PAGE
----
When it comes to the general purpose of research, it can be divided into two categories: either describing today’s situation in order to understand the daily challenges, or measuring the effect of a certain action. The purpose of this research is to see if the 2003 invasion of Iraq possibly affected the nuclear programmes in Iran, North Korea and Libya, placing this research in the latter of the two categories. However, this research also describes today’s situation in Iran and

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North Korea, which still have nuclear programmes, because it is hard to determine when the invasion in 2003 may have stopped affecting their programmes. On the basis of this research issue, the choice between the qualitative and quantitative approach was clear: The qualitative approach is best suited because it enables this research to analyse a number of independent variables: Iraq invasion, sanctions, nuclear technology options and activities, and national strategy and foreign policy affecting the dependent variable: changes in the nuclear programmes of Iran, North Korea and Libya, in order to see how they interacted, instead of measuring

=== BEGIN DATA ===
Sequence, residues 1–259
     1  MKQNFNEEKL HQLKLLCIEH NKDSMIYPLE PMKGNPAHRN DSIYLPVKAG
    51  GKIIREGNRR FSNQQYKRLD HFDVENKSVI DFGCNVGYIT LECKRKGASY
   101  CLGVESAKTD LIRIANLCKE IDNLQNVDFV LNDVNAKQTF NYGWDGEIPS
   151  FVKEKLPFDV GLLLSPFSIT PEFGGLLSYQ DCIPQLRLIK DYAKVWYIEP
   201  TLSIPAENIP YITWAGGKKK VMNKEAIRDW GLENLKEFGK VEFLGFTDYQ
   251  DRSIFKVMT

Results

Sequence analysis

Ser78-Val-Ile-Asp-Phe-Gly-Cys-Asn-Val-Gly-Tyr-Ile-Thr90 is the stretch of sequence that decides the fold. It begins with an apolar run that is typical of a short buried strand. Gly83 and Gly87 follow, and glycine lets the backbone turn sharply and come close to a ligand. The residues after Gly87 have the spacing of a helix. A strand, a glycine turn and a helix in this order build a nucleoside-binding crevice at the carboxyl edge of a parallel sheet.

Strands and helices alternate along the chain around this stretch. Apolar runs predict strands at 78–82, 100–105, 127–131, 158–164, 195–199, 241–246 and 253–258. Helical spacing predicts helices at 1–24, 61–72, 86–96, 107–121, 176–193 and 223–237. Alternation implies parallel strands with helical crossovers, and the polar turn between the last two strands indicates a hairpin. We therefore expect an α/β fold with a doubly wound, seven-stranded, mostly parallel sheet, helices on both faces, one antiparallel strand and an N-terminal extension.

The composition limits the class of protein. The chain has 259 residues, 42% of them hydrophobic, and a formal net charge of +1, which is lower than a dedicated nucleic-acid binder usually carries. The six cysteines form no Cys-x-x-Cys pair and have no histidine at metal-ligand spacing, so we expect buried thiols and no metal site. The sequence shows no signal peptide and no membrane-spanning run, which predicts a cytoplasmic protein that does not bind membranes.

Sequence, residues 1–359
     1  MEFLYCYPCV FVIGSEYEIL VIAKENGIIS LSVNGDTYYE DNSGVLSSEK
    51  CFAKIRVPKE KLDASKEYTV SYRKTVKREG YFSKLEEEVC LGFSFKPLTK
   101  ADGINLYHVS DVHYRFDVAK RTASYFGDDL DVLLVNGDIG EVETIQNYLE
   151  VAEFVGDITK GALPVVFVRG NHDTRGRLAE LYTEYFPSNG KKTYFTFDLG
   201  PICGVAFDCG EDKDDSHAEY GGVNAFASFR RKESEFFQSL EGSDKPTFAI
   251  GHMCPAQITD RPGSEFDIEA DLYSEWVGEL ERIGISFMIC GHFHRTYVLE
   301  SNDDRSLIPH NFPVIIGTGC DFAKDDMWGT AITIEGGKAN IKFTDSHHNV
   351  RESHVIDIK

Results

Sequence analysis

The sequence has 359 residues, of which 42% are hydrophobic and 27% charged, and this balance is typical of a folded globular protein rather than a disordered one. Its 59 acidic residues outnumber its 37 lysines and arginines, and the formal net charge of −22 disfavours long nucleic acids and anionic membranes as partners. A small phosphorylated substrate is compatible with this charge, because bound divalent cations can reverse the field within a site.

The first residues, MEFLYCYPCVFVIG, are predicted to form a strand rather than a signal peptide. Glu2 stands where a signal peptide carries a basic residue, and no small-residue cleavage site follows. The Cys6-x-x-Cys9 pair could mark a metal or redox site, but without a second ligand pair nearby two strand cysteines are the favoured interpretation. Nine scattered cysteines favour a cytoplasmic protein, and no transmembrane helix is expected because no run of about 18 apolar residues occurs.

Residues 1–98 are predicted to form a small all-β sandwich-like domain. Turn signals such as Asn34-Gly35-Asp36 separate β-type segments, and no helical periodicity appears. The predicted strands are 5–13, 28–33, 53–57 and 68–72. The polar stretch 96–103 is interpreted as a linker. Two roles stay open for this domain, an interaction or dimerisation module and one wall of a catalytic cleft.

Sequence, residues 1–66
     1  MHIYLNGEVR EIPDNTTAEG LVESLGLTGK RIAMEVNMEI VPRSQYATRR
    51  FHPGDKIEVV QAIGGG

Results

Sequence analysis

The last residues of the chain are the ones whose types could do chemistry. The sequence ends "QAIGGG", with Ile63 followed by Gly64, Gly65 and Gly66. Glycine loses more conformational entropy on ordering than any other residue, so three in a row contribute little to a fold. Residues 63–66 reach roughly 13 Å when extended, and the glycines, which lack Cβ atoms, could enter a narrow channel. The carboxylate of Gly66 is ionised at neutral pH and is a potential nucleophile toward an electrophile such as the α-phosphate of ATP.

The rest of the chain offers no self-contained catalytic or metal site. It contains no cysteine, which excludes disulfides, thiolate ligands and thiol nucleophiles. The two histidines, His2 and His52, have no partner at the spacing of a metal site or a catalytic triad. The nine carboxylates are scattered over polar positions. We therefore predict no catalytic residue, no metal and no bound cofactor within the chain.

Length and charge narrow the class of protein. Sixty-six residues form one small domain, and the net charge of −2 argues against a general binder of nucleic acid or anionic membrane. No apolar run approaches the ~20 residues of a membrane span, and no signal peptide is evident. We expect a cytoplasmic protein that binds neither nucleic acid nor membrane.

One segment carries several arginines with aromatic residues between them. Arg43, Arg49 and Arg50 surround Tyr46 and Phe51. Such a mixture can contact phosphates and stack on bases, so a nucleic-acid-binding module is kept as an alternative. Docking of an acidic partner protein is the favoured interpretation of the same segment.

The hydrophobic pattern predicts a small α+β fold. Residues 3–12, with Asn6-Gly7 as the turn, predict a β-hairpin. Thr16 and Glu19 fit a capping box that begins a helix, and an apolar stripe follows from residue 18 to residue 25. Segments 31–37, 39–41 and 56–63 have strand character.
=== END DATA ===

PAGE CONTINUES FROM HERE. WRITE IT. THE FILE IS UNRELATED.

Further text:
interaction and effect by numbers. Further, this research assesses that the best way to understand today’s situation, is through a detailed investigation of all relevant variables, as the qualitative method is best suited to reveal several shades regarding an issue such as this (Jacobsen 2000, p.222-227).

3.2 Qualitative Method

It is the opinion of this research that the qualitative method will enable the reader to gain

sufficient knowledge about the three nuclear programmes without having to go through the same amount of data that has been generated during this project. Further, when embarking on this investigation, it seemed obvious that the project would need a more detailed plan on how to take full advantage of the preferred method. Therefore this research also needed a design. According to Ringdal (2007, p.22-23), a design or a research plan is a rough sketch on how to conduct a specific investigation. Four types of design exist within qualitative analysis: a cross section at one given time; longitudinal, at several points in time; case study consisting of one case; and